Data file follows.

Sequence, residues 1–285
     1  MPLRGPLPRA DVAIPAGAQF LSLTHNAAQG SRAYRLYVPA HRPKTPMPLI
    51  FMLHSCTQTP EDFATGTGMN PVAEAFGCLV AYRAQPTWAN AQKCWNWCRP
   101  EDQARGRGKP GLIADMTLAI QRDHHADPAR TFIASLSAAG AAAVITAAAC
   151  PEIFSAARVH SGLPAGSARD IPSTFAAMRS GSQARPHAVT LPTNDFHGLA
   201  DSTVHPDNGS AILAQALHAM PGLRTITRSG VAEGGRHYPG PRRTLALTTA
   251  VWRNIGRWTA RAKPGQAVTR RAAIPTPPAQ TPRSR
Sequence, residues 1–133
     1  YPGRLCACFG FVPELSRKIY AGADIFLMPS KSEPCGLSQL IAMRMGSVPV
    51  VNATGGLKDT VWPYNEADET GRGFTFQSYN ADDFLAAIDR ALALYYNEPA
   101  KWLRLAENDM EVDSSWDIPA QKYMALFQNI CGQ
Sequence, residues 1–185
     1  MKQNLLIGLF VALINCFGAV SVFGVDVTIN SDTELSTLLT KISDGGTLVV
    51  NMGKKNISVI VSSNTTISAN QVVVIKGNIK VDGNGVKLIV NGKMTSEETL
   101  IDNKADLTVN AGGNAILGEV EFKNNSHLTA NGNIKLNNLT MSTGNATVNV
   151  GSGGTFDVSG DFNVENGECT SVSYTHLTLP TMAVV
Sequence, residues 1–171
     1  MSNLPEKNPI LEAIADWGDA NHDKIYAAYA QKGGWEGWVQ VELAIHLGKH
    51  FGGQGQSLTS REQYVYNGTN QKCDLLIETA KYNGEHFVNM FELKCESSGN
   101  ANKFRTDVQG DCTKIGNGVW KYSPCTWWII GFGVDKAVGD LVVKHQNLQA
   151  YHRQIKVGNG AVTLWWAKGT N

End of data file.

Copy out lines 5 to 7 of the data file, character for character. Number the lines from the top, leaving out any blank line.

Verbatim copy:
   151  PEIFSAARVH SGLPAGSARD IPSTFAAMRS GSQARPHAVT LPTNDFHGLA
   201  DSTVHPDNGS AILAQALHAM PGLRTITRSG VAEGGRHYPG PRRTLALTTA
   251  VWRNIGRWTA RAKPGQAVTR RAAIPTPPAQ TPRSR